Nature Notebook, September 13, 2018

09/12/2018

The autumnal equinox, the first calendar day of fall, approaches on Saturday, Sept. 22 with equal hours of daylight and darkness. It is closely followed by the full moon on Sept. 24, this year’s harvest moon, traditionally providing extra light for the fall harvest in many communities. The Cree people of Ontario call it the rutting moon, for the many species of deer—like our tule elk—that breed this season.

Winter brings the annual gray whale migration along the coast, but fall brings humpbacks. Reports of humpbacks from Bolinas and the lighthouse, as well as the Monterey Bay, have added extra excitement this year. They may cooperatively forage for krill, herring and other schooling species in small groups of two to three and then move on to other groups. The seafood diet builds up fat reserves that they live off of during the winter. Humpbacks are distinguished from other whales by the light-colored patterns on their flukes, their long flippers and the lumps, or tubercles, on their head and jaw.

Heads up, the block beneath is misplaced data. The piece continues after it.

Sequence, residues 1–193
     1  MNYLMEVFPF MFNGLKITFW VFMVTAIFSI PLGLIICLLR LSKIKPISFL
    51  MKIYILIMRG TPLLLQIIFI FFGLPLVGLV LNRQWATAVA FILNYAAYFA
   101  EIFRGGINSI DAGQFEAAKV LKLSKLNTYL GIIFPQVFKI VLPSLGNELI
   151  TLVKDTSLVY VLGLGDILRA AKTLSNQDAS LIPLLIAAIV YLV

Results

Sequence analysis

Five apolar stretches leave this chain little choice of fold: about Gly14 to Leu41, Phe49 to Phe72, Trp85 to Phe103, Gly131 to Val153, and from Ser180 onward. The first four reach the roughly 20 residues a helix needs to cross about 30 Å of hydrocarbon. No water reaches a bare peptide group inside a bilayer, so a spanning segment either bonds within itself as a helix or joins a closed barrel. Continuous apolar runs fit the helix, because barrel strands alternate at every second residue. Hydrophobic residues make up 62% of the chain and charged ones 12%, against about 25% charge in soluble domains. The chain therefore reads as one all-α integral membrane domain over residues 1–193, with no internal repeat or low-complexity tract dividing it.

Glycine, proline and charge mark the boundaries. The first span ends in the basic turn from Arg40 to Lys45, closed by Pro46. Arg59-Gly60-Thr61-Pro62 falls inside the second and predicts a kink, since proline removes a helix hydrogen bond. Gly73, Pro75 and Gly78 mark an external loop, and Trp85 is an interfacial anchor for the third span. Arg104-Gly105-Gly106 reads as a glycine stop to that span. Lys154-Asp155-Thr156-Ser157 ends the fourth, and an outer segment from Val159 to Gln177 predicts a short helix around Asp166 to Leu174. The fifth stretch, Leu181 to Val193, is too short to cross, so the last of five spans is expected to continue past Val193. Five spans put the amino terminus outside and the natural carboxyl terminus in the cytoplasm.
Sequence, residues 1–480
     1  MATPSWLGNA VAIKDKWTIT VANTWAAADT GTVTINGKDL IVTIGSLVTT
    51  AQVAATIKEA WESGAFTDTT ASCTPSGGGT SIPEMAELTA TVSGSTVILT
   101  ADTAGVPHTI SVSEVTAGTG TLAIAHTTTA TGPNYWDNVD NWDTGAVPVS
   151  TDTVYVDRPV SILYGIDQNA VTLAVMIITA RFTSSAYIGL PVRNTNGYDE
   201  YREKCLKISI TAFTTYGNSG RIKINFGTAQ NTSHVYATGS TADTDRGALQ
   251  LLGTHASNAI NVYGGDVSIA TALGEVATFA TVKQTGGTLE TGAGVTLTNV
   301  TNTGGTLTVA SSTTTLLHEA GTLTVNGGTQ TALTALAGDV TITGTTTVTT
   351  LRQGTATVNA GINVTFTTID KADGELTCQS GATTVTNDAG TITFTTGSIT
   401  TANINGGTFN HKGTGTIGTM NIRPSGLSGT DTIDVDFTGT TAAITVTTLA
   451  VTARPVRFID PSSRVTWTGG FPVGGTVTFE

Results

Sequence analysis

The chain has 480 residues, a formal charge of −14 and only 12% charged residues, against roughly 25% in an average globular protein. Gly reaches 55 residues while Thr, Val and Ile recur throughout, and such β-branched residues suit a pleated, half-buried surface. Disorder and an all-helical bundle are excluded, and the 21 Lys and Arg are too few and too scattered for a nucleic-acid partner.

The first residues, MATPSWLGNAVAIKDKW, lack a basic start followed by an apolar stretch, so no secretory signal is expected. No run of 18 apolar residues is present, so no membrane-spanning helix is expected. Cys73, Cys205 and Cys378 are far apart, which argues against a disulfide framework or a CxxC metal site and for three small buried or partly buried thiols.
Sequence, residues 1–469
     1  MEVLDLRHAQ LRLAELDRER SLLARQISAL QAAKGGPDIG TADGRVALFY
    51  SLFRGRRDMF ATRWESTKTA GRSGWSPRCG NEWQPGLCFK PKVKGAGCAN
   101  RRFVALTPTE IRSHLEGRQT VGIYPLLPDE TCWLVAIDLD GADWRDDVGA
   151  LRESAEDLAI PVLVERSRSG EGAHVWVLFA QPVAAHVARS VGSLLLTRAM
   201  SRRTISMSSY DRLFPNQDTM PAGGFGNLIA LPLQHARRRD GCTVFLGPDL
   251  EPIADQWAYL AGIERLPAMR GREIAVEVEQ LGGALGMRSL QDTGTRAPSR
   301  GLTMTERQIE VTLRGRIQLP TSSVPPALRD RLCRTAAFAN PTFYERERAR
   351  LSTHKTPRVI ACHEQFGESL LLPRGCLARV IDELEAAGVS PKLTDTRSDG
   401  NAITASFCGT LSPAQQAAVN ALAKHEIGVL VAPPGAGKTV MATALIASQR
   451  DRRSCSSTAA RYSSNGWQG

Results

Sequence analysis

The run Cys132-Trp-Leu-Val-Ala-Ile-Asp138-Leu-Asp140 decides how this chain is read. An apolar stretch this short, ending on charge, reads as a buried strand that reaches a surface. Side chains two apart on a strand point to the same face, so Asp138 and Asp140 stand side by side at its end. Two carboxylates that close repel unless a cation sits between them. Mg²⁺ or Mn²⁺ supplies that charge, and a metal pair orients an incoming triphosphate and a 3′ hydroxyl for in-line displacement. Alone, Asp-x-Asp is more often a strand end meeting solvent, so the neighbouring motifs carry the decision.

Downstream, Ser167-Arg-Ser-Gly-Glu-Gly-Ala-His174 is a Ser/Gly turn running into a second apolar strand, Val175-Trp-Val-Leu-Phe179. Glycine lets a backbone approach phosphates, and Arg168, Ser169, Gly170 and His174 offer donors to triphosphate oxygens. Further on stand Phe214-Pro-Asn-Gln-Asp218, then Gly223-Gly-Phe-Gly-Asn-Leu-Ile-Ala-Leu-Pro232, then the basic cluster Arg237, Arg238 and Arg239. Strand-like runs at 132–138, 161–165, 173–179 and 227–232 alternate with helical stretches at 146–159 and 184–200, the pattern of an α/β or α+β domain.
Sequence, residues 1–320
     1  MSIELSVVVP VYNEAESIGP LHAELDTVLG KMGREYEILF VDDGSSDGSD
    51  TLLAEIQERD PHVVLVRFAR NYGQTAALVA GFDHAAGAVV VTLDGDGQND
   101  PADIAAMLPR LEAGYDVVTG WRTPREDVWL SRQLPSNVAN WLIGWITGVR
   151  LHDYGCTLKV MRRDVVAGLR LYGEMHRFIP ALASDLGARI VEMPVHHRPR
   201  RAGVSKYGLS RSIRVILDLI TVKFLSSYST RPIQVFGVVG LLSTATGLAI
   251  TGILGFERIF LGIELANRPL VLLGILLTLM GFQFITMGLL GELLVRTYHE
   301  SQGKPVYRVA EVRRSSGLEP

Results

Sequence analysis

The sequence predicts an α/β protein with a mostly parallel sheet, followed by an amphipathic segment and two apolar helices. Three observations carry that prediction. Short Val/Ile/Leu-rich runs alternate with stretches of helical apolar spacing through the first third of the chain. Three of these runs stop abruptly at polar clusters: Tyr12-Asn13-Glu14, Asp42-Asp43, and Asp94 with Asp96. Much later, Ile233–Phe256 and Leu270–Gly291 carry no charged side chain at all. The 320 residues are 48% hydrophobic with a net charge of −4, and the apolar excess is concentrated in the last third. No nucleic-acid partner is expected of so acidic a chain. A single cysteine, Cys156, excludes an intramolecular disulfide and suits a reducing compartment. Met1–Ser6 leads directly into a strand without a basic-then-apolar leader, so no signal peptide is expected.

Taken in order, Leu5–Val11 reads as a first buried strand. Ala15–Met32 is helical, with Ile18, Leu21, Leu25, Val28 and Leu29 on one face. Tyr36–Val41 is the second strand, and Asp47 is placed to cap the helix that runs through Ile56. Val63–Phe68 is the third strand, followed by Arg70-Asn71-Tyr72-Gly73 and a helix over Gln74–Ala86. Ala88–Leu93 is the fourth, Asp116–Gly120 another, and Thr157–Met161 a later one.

A shiver of sharks—leopard sharks, that is—is sometimes visible behind the Inverness Store and along the west side of Tomales Bay. The sharks travel on the high tide into the shallow mudflats along the coast to eat worms and clams, digging in the mud for innkeeper worms and grabbing clams by their siphons (or necks) and yanking them out of their shells. Leopard sharks, common in the bay and the Pacific Coast, are so named because of their mottled skin.